UK charity to help filmmakers

Indepedent Film Trust

LONDON Newly formed, the Independent Film Trust is a charity that supports the British Independent Film Awards and the Raindance Film Festival in their work fostering, promoting and celebrating independent filmmaking.

Created by Raindance Founder Elliot Grove, support has steadily grown for this important initiative with endorsements from British film icons such as Mike Leigh, Tim Roth, and David Suchet to name a few. The charity will fund film courses for disadvantaged young people with the aim of developing self-confidence, creativity, communication and digital media skills and encouraging participation in further or higher education.

Film Industry Network interviewed commercial director Marcia Degia to find out more about the initiatives of the charity.

In conversation with Marcia Degia

How did this charity come about?

We recognised that young people in our target group often lack self-confidence and have little interest in continuing their education after they have completed the statutory number of years. According to the government agency Aimhigher, roughly 5-10% of each year group in schools and colleges have the ability to progress to higher education, but are unlikely to do so because they are from disadvantaged backgrounds without any family history of participation in higher education.

The IFT ran a pilot for Film School In A Box (FSIB) in December 2008 in partnership with Raindance and Royal Holloway college in Egham. The three-day pilot, involved children, aged 14-16, drawn from the local Magna Carta School and Sandhurst School. They were introduced to screenwriting, directing and editing and then produced a short film. They also learnt about how to marketing films.

The pilot was run on the back of Raindance filmmaking events in selected London schools through its Raindance Kids initiative, in 2002. For instance, it teamed up with Lewisham Education Business Partnership to provide Forest Hill Boys School with a one-week workshop, which allowed 21 students the opportunity to gain first-hand experience of the filmmaking process. The students, responsible for the filming and editing, decided to highlight issues faced by refugee communities. The final films were shown at the Ritzy Cinema in Brixton.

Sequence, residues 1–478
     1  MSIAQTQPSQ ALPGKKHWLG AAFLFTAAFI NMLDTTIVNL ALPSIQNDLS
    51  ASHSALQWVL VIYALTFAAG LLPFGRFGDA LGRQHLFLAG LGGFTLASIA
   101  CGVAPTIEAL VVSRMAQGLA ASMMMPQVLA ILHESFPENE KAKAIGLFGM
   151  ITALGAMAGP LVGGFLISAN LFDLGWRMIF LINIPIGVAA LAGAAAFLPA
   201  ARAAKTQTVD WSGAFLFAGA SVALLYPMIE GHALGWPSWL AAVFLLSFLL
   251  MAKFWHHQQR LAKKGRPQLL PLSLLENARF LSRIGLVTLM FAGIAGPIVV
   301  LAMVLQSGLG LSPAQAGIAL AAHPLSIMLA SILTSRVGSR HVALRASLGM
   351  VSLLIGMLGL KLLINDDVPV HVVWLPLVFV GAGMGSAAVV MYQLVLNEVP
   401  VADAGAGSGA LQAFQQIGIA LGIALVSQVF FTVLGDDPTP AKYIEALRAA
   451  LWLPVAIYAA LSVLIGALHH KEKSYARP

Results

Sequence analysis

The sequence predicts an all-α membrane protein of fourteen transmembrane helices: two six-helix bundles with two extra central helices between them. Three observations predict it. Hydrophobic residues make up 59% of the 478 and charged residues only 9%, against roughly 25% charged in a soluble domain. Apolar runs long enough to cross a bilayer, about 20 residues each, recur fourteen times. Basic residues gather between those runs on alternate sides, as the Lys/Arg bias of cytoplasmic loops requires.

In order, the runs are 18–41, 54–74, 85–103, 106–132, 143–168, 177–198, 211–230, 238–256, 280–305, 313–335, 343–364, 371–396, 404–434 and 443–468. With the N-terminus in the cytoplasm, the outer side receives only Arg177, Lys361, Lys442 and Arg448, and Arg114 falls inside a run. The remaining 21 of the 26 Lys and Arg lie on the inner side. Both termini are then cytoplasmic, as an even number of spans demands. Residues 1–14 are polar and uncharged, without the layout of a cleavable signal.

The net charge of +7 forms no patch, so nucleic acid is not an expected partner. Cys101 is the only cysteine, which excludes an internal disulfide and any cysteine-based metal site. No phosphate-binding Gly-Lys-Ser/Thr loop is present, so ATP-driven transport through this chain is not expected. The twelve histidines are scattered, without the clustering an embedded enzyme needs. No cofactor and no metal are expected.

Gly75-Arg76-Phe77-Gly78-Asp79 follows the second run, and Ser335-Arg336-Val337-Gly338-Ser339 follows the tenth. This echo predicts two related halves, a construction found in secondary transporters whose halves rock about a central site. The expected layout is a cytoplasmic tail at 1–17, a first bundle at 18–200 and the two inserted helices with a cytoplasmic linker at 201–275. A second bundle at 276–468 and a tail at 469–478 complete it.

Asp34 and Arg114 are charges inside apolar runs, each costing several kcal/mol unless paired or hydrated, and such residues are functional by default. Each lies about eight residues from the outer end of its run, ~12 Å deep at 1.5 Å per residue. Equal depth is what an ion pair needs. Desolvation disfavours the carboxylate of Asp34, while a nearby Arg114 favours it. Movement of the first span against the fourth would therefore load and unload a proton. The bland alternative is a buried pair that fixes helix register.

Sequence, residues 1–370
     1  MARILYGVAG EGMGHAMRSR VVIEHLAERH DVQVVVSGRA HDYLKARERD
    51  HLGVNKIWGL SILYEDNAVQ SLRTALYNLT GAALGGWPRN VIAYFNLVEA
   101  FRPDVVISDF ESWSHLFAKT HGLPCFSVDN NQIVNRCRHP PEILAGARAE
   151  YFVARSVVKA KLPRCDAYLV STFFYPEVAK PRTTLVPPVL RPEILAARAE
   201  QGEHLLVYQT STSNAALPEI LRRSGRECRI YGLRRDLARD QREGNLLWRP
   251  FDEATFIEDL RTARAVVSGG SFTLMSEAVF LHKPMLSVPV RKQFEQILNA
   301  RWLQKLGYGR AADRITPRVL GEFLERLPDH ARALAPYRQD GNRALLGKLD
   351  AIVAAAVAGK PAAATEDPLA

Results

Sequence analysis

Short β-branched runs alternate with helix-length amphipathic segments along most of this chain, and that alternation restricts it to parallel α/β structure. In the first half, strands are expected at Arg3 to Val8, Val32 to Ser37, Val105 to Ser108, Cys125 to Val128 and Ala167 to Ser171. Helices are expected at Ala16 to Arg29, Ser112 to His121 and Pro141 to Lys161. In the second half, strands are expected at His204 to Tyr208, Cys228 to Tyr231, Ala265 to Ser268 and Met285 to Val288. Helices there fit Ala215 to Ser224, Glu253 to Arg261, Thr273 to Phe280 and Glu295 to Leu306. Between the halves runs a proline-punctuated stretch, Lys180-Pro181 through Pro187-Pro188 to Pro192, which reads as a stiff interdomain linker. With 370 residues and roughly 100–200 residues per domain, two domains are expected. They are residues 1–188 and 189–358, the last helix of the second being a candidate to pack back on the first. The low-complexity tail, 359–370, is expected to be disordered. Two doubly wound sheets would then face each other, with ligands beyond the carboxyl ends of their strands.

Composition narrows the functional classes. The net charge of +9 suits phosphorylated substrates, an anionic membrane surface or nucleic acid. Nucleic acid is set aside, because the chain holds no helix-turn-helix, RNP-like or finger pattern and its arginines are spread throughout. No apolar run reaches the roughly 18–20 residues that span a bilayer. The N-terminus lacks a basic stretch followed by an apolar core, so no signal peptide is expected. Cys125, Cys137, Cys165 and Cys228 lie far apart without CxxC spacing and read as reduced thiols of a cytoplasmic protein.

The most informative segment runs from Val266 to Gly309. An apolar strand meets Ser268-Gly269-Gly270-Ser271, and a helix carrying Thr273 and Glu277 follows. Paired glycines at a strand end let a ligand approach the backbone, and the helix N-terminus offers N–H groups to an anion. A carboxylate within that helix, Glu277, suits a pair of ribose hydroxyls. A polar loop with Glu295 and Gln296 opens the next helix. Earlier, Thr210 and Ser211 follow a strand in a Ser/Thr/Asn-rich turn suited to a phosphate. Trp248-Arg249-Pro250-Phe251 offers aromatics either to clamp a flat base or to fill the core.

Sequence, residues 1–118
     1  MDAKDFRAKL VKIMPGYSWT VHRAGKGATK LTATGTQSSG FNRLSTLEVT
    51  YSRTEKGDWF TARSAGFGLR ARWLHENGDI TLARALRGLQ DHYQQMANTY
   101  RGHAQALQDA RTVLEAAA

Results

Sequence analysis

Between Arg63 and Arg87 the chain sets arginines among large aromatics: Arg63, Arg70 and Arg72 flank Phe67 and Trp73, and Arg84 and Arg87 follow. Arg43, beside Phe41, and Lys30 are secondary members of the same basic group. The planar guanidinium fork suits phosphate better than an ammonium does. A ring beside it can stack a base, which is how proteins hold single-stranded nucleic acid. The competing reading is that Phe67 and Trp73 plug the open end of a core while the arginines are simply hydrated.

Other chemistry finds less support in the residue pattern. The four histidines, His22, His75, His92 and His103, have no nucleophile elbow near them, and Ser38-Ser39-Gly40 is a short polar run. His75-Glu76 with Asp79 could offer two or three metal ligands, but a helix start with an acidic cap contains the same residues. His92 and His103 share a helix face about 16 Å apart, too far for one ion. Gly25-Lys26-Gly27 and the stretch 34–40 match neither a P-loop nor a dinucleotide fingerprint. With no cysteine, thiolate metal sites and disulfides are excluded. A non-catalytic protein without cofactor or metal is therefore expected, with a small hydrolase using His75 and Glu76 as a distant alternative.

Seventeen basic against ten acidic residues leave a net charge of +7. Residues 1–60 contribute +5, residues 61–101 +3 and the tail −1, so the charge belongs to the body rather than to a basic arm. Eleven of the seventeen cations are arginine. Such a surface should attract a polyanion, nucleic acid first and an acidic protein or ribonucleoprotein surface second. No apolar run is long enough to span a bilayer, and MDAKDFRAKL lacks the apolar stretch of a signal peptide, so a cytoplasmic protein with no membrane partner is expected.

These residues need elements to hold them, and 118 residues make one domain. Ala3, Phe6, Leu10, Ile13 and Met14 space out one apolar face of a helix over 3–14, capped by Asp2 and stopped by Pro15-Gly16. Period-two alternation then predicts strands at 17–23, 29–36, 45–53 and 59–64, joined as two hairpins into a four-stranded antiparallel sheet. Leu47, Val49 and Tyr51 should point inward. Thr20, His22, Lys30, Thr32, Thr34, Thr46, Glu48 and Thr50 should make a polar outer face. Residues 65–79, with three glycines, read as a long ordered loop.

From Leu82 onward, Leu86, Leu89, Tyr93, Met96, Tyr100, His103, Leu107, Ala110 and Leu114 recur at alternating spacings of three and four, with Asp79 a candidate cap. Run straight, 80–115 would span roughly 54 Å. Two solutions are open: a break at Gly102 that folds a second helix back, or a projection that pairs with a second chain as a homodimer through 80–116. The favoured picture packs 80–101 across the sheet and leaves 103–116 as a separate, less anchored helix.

The pilot produced a very positive reaction from most of the young people involved. Of the 17 who took part, 12 said that it had significantly increased their interest in Media Arts as a subject, and one said that as a result of the experience they were for the first time seriously considering going to university.

What kind of programmes will you be providing?

We fund FSIB, run by professional film-makers from Raindance, using lightweight equipment that can be packed into a portable box and taken to schools in a designated area as and when required. This would enable the group to pass through all of the basic stages of film-making writing, producing, directing, cinematography, editing and marketing.

The partnership with Raindance not only provides a link to industry practitioners unlike other similar training initiatives. It can also provide a distribution outlet for the films that are made through, the Raindance Film Festival or specially-arranged screenings.

Any important events coming up for fund raising?

We have a number of exciting projects scheduled throughout 2010 that will be hosted by industry heavyweights.

What else does IFT offer?

We recognise that it is hard for the average independent filmmaker to get their foot on the ladder. By
joining our Independent Film Trust Facebook group, members can look forward to fantastic opportunities. Recent competitions included Win An Internship with Nick Broomfield , Two Tickets to a Film Premiere and numerous Raindance courses. You do not have to donate to join the group, just show your support of indie film!

How can people donate?

For more information, visit our website at or email Marcia Degia at [email protected]

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